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Why are planned giving newsletters getting less response?

the planned giving newsletter is a tactic - you need strategy

After 20 years of being in business, people are still asking why we do not offer planned giving newsletters as part of our services.

One reason is that an effective planned giving newsletter is only a tactic. It should be part of a series, and doing it right is extremely cost prohibitive.

Other Reasons

Marketing Noise

Every day the average prospect is inundated with over 3,000 marketing messages. In a large city, it’s over 5,000. A battle is being fought for the eyes and ears of the world, and in most cases the enemy is an overstuffed mailbox.

Not only is your mail from your nonprofit competing with the Legacy Newsletter of the hospital next door, but your prospects’ mailboxes are full of so much junk that it levels the playing field. Come on. Do you really believe your prospects are dying to come home at night to read your newsletter describing how to part with their wealth and estates after their death? No wonder some claim that they believe their newsletters are getting a 1% readership rate (not response rate; readership).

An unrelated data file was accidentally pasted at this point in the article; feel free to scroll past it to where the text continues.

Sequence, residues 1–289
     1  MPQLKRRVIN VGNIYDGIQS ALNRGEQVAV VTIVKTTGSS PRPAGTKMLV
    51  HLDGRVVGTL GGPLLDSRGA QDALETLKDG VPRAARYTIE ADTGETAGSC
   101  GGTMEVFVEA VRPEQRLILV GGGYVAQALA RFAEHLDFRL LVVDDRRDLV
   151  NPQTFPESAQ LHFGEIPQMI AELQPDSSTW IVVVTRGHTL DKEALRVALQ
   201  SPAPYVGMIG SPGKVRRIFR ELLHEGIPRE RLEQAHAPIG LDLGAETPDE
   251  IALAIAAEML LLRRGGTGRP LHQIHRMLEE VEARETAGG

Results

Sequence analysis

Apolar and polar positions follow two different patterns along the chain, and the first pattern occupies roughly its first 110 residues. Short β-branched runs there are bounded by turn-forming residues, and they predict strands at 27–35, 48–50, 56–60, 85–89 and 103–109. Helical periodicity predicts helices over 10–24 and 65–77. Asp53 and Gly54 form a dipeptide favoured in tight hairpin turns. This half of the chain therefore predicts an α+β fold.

You Bank Cash. Not Readership.

Your prospects will actually pay more attention to an advertising medium that delivers a quick, simple, focused message such as a planned giving postcard. One that is cleverly designed, cleverly delivered, and most especially one that is benefits-based. Today, postcards are an effective way to promote your program, cost less to produce, and definitely a smarter marketing strategy because the savings alone help you target your audience more often. And “this more often” is simply Marketing 101.

Remember: Americans read their mail standing over a wastebasket. A quick-read medium is essential. In fact, see why Tom Ahern calls the planned giving newsletter a death brochure in this post. In fact, read this PDF we published on death brochures and the planned giving newsletter several years ago. This is now more current than ever.

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